After months of legal battles with the city of Gardena fighting to keep the footage private, a California judge ruled Tuesday to release the video of this 2013 shooting to the public. The video clearly shows Gardena police officers opening fire on unarmed, non-combative suspects, killing one and injuring another. City officials have maintained that the footage does not tell the “whole story” of what happened that evening and, that while it “looks bad,” the dash cam did not truly capture that “perspective” of the responding officers.
A federal judge viewed the incident far differently, awarding a $4.7 million settlement to the victims.
As if that isn’t bad enough, it turns out that the victims of this police shooting had not been involved in any criminal wrong-doing.
In the early morning hours of June 2, 2013, a 9-1-1 call was placed to report a stolen bicycle outside of the CVS pharmacy on Western Avenue. Dispatchers mistakenly told police that the event was a robbery, which would normally indicate the possibility of armed criminals.
Sgt. Christopher Cuff spotted two possible suspects traveling eastbound on Redondo Beach Boulevard, detained them, and ordered them to put their hands in the air. Unfortunately, these two men were not bicycle thieves and they certainly were not armed robbers. They were friends of the bicycle theft victim searching the area for their friend’s stolen bike.
When Ricardo Diaz Zeferino, the brother of the man whose bike had been stolen, saw what was happening, he approached the scene, attempting to alert police to his friends’ innocence. An additional two patrol cars arrived and officers emerged with guns drawn.
Police memos claim that Diaz Zeferino appeared to be reaching into his waistband, presumably for a weapon, however the newly-released footage seems to indicate that he had simply removed his hat and lowered his hands. Police opened fire, killing Diaz Zeferino, while at the same time inadvertently striking one of the other men.
Eutiquio Acevedo Mendez survived this tragic encounter, but was left with bullet fragments near his spine. The third man was unharmed in the incident.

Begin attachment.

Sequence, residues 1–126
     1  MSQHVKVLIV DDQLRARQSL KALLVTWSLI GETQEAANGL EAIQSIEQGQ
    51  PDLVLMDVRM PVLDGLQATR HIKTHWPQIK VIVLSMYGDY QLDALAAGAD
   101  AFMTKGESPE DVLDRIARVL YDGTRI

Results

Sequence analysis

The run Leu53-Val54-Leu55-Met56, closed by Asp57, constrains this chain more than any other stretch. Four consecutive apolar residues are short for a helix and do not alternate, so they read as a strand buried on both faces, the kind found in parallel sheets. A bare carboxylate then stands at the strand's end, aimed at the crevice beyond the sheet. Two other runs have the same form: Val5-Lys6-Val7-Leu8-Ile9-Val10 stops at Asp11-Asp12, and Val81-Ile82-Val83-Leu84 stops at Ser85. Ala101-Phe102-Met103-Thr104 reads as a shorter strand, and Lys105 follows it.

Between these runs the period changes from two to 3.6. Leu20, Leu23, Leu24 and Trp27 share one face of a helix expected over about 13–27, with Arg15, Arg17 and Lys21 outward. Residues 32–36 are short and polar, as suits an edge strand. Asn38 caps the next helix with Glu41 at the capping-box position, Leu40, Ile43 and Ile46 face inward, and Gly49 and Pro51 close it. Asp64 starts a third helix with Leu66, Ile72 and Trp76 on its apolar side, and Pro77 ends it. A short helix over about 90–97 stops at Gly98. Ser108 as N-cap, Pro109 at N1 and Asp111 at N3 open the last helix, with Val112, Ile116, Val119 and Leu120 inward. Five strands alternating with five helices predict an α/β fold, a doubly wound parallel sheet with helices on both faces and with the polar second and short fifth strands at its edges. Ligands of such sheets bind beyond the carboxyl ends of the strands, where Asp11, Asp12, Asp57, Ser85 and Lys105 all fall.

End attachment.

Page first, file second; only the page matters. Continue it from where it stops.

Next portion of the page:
Since January 1, more than six hundred people have been killed in the U.S. by officers using deadly force.
An estimated 1105 were killed in 2014. That’s an average of three people killed daily by police, or a death every eight hours– an embarrassing statistic that dwarfs those of other developed nations:
In Canada, a nation with a population seventy-eight percent smaller that the U.S., there were only fourteen deaths resulting from the use of force by law enforcement in 2014.
In the United Kingdom, only one person died at the hands of police in 2014 and ZERO in 2013.
In Germany, no one has been slain by a police officer since 2012.
In China, a nation with over a billion people and a population more than four times the size of the U.S., only twelve people were killed in 2014.
Something is terribly, terribly wrong with this picture, folks. I know that law enforcement officers, day in and day out, face the kind of violent realities on the streets of America that the majority of us will never encounter. I know that many, if not most, of these shootings involve brave, honorable police who are doing nothing more than what is needed to ensure that they make it home safely to their families after a hard day at a very difficult and dangerous job.
But with those kinds of numbers, with that kind of sheer volume of violent interaction between police and the public, there are bound to be bad apples in the bunch. And when you stop to consider the pervasive racial animus that remains rooted in much of law enforcement, the tragic deaths of folks like Eric Garner and Ricardo Diaz Zeferino offer us painful reminders of the need for greater oversight over police behavior and for wide-spread deployment of non-lethal tactics in law enforcement.
Featured image via Counter Current News